What Can Bavaria and the Netherlands Learn From Each Other?

What Can Bavaria and the Netherlands Learn From Each Other?

Bavarian company delegation visits the Netherlands to expand their network and work more closely with Dutch companies.

“High-tech Bayern!”, we hear through the meeting room when the screen appears again. The presentation appears on the screen thanks to a ‘German’ dongle that one of the visitors takes out of their bag. Problem solved. A Bavarian company delegation visits the Netherlands to expand their network and work more closely with Dutch companies. From Rotterdam to Eindhoven and Tilburg. From Utrecht to Amsterdam. During the visit to the Brainport Industries Campus, the German delegation hears all about the ideas of the BIC and gets a tour of the complex.

“Dutch research shows that 77 per cent of innovation success is social innovation, and only 23 per cent is technological innovation. That’s why the social aspect is so important here at BIC,” explains Bert-Jan Woertman, Director of the campus. After his explanation, Ansgar Rudolph of Chemie-Cluster Bayern is particularly interested in this. “In Bavaria, I see that we mainly focus on technological development, but forget about the social system around it. I think we can learn a lot from the Netherlands in this area. It’s good to see these examples”, Rudolph points out.

German experts

Rudolph is a great advocate of open innovation. In Bavaria, he tries to convince others to work together more often: “We have plenty of German experts, it’s not the technical knowledge that is lacking. However, there are too few people who stand up and say who should be responsible for what. The system for setting up innovation is still somewhat lacking. Germans may be more reserved in that respect. That is much better in the Netherlands.

Rudolph indicates – just like Woertman in his presentation – the importance of mutual trust in each other: “You must always be discreet, even when working closely together. You can’t share everything, that’s where IP distribution comes in. But if you enter an open discussion and you know from each other who contributed what, it increases trust.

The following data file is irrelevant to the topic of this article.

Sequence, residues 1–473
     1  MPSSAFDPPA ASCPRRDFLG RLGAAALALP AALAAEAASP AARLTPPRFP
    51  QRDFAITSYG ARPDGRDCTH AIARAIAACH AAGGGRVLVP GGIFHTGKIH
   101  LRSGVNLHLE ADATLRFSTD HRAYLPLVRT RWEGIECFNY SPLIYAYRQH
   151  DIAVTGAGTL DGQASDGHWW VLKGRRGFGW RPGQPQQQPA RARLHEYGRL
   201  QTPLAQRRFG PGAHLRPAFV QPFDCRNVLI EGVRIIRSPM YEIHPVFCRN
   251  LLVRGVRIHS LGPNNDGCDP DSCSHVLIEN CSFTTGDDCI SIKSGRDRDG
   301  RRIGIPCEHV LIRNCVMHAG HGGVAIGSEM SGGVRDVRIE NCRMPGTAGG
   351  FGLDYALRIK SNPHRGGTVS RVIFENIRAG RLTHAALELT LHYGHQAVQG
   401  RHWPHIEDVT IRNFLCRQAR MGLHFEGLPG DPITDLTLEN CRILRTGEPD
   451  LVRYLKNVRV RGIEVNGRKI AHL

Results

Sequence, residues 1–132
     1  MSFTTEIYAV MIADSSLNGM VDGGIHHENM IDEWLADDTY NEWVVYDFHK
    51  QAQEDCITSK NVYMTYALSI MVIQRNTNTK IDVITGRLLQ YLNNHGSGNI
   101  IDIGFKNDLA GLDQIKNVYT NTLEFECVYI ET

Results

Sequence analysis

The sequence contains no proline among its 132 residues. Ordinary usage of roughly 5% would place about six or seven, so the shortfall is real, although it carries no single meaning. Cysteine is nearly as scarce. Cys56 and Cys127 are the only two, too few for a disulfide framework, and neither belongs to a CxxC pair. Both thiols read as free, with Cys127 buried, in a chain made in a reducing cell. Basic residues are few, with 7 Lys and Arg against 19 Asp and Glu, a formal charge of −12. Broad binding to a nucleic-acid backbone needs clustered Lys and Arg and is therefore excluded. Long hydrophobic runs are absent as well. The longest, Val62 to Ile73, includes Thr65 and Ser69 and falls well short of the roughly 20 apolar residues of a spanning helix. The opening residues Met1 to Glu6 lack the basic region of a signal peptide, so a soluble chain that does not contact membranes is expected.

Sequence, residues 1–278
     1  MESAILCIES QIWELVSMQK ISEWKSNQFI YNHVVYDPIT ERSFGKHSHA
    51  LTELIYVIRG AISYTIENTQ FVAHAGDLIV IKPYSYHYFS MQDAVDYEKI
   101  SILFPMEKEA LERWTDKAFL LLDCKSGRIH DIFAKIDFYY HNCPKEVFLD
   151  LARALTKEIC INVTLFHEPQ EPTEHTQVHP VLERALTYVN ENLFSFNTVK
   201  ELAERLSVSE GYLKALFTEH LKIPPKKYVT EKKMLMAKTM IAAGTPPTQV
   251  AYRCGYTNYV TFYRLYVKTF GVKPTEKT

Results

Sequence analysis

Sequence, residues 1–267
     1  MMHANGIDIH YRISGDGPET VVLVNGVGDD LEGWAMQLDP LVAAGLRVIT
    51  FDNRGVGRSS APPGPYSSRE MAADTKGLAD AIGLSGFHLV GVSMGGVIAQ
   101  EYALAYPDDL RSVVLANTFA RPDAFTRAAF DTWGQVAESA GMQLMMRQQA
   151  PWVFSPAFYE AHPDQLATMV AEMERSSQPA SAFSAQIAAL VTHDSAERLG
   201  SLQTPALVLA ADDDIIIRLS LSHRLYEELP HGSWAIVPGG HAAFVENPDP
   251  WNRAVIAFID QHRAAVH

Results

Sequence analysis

Finally, he has a tip for Dutch companies. Rudolph: “German companies are very good at quickly choosing a focus area, they make no concessions in quality. They quickly look to an international market.”

Eye height

The network trip was set up by the Ministry of Foreign Affairs in the Netherlands and the Bavarian State Ministry of Economic Affairs, Energy and Technology. Martin Grossmann, responsible in Bavaria for the internationalisation of the state, indicates the importance of looking beyond our own borders: “Smart factories and smart logistics are becoming more and more dependent on smart technology and are coping well with the increasing data flows, that’s the case throughout Europe, everyone faces more or less the same challenges. But everyone tackles this differently. There is no fixed recipe for success, which is why it is important to learn from each other and work together more intensively. The big companies are already doing this, but it is also important to get the smaller players around the table.”

Since 2016, the Netherlands and the German state have been working on a closer relationship. Marijn van Haaren, Senior Adviser at the Economic Department of the Dutch consulate in Munich, sees many opportunities in this on both sides: “Southern Germany is practically at eye level with the Netherlands, the industry continues to grow. There are many opportunities for cooperation. We are trying to seize these opportunities with various projects, including this one.”

Expanding to the Netherlands

Harald Faulhaber is Managing Director of Membrain GmbH, a software manufacturer working for more than 300 customers in Germany, Austria and Switzerland. “And soon perhaps in the Netherlands,” Faulhaber says as he leaves his business card with Anteryon. “Within the company, we have been exploring whether the Netherlands could be a good location for some time already. A trip like this is ideal to see how they work here and whether it fits in with our philosophy. The Netherlands has an excellent data infrastructure that is ideal for us. We are looking for the best partners to work with.”

Others have fewer concrete plans in the Netherlands and mainly want to expand their network. So does Andreas Johannes Estner of VDMA Bayern, one of the largest network organisations in Europe in the field of mechanical engineering. “We have a huge network, and by gaining an overview of what is going on in the Netherlands, we can bring Bavarian companies into contact with parties from the Netherlands,” Estner says.

Between the welding booths and milling machines used by Summa College and other companies, Estner explains that he finds this form of cooperation exciting: “At this location, many different parties, government and education work together, I think that would be slower with us. Before anyone acts, everything has to be in black and white. Everything must go according to plan, which of course makes it more difficult to set something up. But that doesn’t mean it’s not possible. Just look at the startup hub in Munich, there are a lot of parties involved.”